They miss parties, refuse to go out, ruin family holidays, all for what British Cycling would call ‘marginal profits’ during its golden heyday of the last decade.

These are small tweaks that refine everything by 1% to significantly increase your overall performance; Because when the difference between success and failure is just a fraction of a second or a centimeter, every little thing counts.

For British Cycling, this has meant hiring a surgeon to teach each rider the best way to wash their hands to reduce the chance of catching a cold, and choosing the best type of pillow and mattress to ensure each rider gets the best night’s sleep.

If you’re constantly doing that little bit extra that is your life, and then trying so hard – or rather, not knowing where the limit really is – during the competition that your well-being or even your life is in danger, maybe becomes more understandable for the layman.

In a 2012 column in The Guardian, triathlete Lesley Paterson wrote, “Every top athlete is a little crazy, a little obsessive, very selfish and certainly not quite the norm.”

Anita Alvarez competes before collapsing during the solo free artistic swimming final at the FINA World Championships.

That’s perhaps why athletes need to be protected, to be looked after by those who realize that victory shouldn’t come at any cost.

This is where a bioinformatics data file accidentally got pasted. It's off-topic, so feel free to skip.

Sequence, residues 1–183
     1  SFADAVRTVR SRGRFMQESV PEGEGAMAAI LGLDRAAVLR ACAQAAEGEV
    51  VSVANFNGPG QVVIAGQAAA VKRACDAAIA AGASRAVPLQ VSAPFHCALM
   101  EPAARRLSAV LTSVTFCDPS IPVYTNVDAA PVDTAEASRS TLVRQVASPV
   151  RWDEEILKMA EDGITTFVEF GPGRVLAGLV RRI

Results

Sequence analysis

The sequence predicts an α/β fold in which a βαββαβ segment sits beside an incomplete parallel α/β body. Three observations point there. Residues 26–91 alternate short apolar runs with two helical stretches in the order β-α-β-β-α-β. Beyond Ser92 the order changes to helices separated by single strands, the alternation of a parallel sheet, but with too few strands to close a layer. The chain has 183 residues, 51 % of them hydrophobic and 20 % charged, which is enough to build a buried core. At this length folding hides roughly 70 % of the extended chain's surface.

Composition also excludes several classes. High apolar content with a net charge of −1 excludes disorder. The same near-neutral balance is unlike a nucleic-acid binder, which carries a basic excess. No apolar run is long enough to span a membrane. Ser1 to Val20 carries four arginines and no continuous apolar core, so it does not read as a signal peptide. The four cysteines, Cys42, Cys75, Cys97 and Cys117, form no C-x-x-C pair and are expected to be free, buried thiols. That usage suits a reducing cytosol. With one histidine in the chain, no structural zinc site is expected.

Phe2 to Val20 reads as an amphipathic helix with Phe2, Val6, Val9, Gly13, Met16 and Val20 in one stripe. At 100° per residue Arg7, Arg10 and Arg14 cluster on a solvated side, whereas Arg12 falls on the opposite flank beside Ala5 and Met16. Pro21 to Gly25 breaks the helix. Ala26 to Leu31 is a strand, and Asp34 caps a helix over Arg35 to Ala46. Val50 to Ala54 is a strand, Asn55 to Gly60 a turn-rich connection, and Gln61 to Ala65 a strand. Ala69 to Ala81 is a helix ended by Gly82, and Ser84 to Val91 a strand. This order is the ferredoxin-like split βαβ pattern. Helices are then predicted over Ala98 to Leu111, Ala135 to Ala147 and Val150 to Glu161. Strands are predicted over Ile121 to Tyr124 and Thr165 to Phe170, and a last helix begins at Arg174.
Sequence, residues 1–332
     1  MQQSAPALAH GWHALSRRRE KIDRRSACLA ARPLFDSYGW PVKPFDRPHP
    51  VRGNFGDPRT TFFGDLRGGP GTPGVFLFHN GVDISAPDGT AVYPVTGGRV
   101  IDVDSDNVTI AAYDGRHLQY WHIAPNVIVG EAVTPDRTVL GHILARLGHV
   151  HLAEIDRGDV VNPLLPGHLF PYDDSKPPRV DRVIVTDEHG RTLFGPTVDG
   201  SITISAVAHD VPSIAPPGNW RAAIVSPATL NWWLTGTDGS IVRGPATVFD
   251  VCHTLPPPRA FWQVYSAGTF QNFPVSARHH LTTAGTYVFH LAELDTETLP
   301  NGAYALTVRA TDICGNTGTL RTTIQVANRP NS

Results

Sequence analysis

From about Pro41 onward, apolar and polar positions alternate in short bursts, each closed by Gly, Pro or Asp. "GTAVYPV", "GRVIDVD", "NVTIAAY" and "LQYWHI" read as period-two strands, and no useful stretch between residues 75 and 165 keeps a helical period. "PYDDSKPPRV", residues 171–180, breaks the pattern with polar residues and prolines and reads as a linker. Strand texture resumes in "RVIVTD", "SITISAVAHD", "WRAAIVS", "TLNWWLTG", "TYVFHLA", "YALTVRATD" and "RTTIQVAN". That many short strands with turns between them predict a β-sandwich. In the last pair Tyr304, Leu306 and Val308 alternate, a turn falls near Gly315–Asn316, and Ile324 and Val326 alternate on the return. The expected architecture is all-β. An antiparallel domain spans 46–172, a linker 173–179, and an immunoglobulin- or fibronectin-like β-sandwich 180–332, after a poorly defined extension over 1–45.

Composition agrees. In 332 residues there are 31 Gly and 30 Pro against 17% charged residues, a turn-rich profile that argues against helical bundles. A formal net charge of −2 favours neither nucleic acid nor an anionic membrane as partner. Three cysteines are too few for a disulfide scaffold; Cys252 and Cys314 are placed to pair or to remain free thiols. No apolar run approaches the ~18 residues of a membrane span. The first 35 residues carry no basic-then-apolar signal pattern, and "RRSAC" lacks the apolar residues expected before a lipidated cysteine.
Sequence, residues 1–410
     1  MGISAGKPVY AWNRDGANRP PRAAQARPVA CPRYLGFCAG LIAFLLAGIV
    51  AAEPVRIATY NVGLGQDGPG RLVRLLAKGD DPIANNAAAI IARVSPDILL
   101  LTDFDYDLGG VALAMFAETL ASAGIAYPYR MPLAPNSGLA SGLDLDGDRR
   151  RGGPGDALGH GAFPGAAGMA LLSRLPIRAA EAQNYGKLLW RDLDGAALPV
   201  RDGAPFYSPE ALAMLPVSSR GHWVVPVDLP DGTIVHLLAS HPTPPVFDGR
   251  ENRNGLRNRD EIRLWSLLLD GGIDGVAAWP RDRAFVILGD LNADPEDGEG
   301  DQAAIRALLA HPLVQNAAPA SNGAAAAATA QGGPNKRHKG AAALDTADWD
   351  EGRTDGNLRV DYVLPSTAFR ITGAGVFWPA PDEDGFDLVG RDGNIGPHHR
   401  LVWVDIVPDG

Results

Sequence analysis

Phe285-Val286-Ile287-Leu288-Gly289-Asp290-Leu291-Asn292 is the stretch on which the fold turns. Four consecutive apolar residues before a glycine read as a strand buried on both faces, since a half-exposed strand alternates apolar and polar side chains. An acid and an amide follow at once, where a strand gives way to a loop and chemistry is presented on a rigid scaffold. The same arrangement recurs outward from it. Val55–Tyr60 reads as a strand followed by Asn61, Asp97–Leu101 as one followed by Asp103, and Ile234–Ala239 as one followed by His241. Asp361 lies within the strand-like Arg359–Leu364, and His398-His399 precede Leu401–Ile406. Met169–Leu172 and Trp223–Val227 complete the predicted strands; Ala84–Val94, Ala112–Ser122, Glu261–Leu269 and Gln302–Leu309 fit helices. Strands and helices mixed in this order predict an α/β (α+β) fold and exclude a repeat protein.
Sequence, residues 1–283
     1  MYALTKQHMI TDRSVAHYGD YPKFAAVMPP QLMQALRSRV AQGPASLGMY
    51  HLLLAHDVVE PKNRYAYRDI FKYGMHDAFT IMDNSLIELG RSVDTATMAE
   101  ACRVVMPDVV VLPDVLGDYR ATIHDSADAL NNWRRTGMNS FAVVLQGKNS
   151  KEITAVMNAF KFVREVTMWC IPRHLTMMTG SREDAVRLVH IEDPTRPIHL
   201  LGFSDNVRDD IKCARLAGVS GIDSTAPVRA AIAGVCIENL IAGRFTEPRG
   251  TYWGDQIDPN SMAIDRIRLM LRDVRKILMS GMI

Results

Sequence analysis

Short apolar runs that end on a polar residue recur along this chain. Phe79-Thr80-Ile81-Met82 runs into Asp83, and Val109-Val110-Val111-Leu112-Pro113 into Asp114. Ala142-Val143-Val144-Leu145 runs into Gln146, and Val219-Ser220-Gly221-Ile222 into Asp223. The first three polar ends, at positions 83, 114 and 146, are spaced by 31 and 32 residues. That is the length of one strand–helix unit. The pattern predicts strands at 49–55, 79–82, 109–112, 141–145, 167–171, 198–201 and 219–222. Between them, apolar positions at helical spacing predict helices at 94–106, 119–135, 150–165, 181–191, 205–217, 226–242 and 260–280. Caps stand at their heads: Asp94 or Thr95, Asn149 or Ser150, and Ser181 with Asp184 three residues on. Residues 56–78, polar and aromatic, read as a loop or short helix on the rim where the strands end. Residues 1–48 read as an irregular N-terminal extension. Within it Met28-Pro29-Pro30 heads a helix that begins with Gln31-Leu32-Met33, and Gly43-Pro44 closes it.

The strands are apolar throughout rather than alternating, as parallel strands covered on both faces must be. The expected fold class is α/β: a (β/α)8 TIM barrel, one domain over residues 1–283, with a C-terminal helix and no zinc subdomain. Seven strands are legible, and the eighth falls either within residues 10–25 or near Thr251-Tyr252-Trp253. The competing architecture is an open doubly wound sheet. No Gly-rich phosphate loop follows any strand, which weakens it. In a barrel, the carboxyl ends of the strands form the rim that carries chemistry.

But how much is too much? In her statement posted to Instagram, Fuentes says artistic swimming is no different from other high-performance sports.

“We’ve all seen images where some athletes don’t make it to the finish line and others help them get there,” she said.

And we have. Who could forget to check out footage of British triathlete Alistair Brownlee stopping to help his struggling brother and almost carrying him before throwing him across the finish line?

At the Gold Coast Commonwealth Games, Scotland’s Callum Hawkins missed out on men’s marathon gold after collapsing and banging his head on a roadside barrier in the scorching East Coast heat with two kilometers to go.

Of course, there’s also the story of the now mythological Greek runner Pheidippides, the inspiration for the modern day marathon. Did he announce Greece’s victory over the Persians and collapse fatally after running from Marathon to Athens? It depends who you ask.

Thousands of years ago, exercise involved risk and it still does. In 2008, 11 climbers died trying to climb K2, the second highest mountain in the world, when an ice avalanche tore down a fixed rope the climbers were using.
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However, top athletes tend to distinguish between risk and consequence. For Alex Honnold, widely regarded as the greatest rock climber of all time, the risk of scaling vertiginous rocks without a rope is small, the consequences, which of course can be fatal, are high.

In 2017, the American became the first person to scale the 3,200-foot monolith El Capitan without ropes, a skill known as free soloing. Attempting the feat was, he told CNN a few years ago, “business as usual” and built on decades of practice.

And it is this practice, the thousands of hours invested in perfecting a craft that the common man does not see. The end product is usually a flawless performance that reinforces the athlete’s status as an otherworldly being, which is why a dramatic fall or rescue grabs headlines around the world.

What happened in Budapest this week was a reminder that, although far from average, elite athletes are people too.